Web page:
Work out your salvation with the right fear. From our infancy we have learned to obey out of fear. Fear of displeasing a parent. Fear of consequences. Fear of punishment. Fear of being thought less-of by others. The apostle knows that even after we are converted, we are tempted to keep operating this way. He knows that there are members of the Philippian church (probably all of them!) who are on their best behavior when the apostle is around.

So, he tells them to do the reverse. When he says “much more in my absence,” he is not saying that they should be lax about obedience when he is present. But since he knows that it requires more effort when “only” God is looking, the apostle counsels his beloved ones to focus all the more effort in his absence.

When others aren’t there to see us, we should work all the harder at what pleases God, because it is then that it is for His eyes alone that we are working.

Work out your salvation with great fear. One of the ways that we will know that it is fear of God that drives us is when this fear makes us to tremble. Work out your own salvation with fear “and trembling.” 

We rather easily lie to ourselves about what is going on in our hearts. It is an easy thing to play mind-games with myself, to think that I am doing something unto God and conjure up some feelings as if that were the case. The apostle knew that, and so the Spirit carries him along to say not just “with fear” but also “with trembling.” If it is the true and living God Whom we are fearing, we will tremble. Yes, we can imitate trembling too. But of this we can be sure: if there is no trembling, then it is not God Whom we are fearing.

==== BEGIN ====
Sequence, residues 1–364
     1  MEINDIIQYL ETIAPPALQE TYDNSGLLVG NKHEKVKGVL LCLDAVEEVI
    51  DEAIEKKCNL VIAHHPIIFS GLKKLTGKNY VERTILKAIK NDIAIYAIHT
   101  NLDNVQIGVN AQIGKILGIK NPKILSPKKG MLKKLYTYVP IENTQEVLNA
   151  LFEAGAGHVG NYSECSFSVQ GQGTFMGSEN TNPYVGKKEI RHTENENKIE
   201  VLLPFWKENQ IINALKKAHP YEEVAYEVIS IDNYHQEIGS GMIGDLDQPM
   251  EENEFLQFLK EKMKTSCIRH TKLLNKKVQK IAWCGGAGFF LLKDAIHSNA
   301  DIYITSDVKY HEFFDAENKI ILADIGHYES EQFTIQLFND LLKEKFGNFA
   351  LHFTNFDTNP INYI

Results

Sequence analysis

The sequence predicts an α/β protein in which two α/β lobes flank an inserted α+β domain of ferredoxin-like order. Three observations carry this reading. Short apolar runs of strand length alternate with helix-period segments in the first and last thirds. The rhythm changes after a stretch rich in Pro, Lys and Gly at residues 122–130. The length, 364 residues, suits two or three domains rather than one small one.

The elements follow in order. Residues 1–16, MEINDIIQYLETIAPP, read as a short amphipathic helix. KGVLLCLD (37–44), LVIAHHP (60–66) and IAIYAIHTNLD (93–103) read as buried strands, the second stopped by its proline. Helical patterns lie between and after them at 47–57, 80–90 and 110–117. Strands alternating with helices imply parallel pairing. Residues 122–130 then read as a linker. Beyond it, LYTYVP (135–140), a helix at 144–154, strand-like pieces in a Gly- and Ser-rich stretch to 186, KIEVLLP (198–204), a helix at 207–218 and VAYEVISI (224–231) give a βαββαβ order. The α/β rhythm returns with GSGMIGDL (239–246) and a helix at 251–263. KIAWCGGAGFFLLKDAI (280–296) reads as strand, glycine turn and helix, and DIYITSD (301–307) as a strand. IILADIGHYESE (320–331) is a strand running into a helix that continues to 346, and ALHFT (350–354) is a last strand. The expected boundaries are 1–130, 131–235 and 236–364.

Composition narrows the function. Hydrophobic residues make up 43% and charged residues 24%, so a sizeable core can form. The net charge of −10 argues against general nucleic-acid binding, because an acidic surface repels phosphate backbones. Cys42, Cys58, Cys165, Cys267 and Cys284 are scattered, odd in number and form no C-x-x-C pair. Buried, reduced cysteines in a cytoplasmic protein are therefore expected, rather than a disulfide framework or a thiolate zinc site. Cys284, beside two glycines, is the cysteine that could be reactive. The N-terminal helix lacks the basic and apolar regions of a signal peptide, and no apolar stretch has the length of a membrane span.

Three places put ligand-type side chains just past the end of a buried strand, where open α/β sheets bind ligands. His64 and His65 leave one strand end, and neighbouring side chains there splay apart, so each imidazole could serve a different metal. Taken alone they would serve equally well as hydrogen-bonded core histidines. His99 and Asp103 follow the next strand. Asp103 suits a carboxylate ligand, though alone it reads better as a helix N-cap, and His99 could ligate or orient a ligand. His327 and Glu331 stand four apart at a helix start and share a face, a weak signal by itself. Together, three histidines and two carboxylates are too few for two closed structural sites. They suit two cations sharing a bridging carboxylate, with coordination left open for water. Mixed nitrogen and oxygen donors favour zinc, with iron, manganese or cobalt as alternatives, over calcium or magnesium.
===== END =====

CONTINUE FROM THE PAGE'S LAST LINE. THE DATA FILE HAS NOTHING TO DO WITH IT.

Work our your salvation with great confidence. Playacting at Christianity to be seen by others harms us in more ways than just by feeding spiritual self-deception. Spiritual self-deception is a great evil indeed; but its twin, spiritual self-dependence, is just as toxic and poisonous and deadly to the soul. 

But the self-deception leads to the self-dependence because it hides from our view the true and living God Who is our only power for growth in grace, our only hope for growth in grace. “Don’t live out your walk for the eye of man!” says the apostle. Not only because you will fail to pursue true godliness, heart godliness, persistent godliness.

But also because if you are not consciously considering the eye of God, you will take your own eyes off of Him “Who works in you both to will and to do for His good pleasure.” See how entirely your walk with Him must come from Him? It is not even that we are willing but unable to do. Without Him, we are unable even to desire and intend that which is truly good. 

Apart from God, sanctification is stillborn—dead even in the heart, lacking the opportunity to be born in our words or our deeds. God provides even the willing to do! So let us look to Him, that His smile upon our thoughts and deeds would be infinitely more to us than any approval of any mere man—knowing that He first smiles to work in us, and then smiles upon that work!

Whose earthly approval means the most to you? When do you need to “much more” work out your own salvation? In order to respond properly to the fact that it is God Who must work in you for all of your growth in grace, what other things must you “do” as you grow?